Hawaii Ironman Guest Race Report

To brighten the mood a little bit on Team Wurtele’s blog we’re putting up a race report from a friend and supporter, Cindy Rach.  We met Cindy and her crew in Solvang last winter, then saw some of them again in Kona this year. Cindy races in the 60-64 age group and topped off a great year with a finish at the Ironman World Championships…


Ford Ironman World Championship Race   October 10, 2009
Finish time:  14 Hours 32 minutes

Well, as most of you know I was lucky enough to qualify for the big race in Kona at Ironman Coeur d’Alene last June.  My time there was 13:40 – a PR for me after finishing Canada the previous 2 years.

I trained hard through the summer and all too quickly, Phil and I landed in Kona on October 5th to hot weather and tricky trade winds, as expected. We were joined by friends Jenelle, Lola, August, Paul, Tami, and Anna –the greatest support crew ever. Anna and Paul volunteered and helped Friday and Saturday in transition.  Phil, Jenelle, August and Lola were everywhere they could be on the course, taking photos and giving me much needed advice and encouragement.    My daughter Heather, husband Sam, and two grandsons, Max and Gus flew over to see Grandma race-a dream come true.

Race day was clear and hot.  The water was calm.  Having swum the course during the week prior with Sister Madonna, I knew the ocean swim with currents and waves would be difficult for me. I expected a slow time and it definitely was. I got out of the water 11th out of 17 in my age group.   Transition from bike to run was fairly smooth.  The volunteer who helped me dumped my transition bag out on the ground.  She thought that would help me get to my things quicker but in the process I didn’t see my sunglasses and left transition without them.  I decided not to go back for them by the time I finally realized they weren’t on my face. Note to self: manage transition better next time! I saw Phil and Jenelle as I rode up Palani and yelled at them to call my daughter Heather up in Hawi at the bike turn around where they were staying, hoping I could get a pair of sunglasses from her.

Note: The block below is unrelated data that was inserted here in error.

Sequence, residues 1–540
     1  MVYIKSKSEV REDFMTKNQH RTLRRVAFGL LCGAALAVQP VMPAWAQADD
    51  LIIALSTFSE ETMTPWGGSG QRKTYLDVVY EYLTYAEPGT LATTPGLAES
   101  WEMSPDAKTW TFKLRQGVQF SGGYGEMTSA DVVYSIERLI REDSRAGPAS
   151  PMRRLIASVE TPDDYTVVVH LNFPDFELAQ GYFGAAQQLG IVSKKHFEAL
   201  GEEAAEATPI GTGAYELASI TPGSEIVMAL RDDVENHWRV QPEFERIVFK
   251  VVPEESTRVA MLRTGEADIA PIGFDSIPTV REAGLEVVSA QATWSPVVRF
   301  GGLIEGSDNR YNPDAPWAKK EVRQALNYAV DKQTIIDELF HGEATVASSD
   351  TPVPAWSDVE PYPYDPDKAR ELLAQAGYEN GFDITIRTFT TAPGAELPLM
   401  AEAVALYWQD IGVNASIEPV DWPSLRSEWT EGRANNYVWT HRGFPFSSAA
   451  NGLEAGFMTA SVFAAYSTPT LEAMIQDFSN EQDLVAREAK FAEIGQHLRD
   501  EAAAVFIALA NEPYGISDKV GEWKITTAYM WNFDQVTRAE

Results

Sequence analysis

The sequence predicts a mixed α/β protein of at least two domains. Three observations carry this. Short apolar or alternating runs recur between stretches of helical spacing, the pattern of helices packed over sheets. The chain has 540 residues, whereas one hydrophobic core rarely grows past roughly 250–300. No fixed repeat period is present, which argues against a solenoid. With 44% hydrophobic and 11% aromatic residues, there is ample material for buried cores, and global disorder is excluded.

That worked out great! Hawi is not really a sports or fashion Mecca so Sam drove 45 miles round trip to Waimea to get a pair of sunglasses he thought I could use.  His choice there was either $30 Jackie O knock-offs or $130 Oakleys.  No choice at all – only the best for Max & Gus’s grandma Cindy. Heather, Sam, Max and Gus were waiting for me with the brand new glasses! Yah, I know I could get DQ’d for taking anything from spectators but by the time I got there, I was close to a medical emergency with very sun and windburned eyes.   It was so fun seeing them up there at the turn around – Max ringing a cow bell like crazy and Gus in the back pack wondering what the heck this was all about.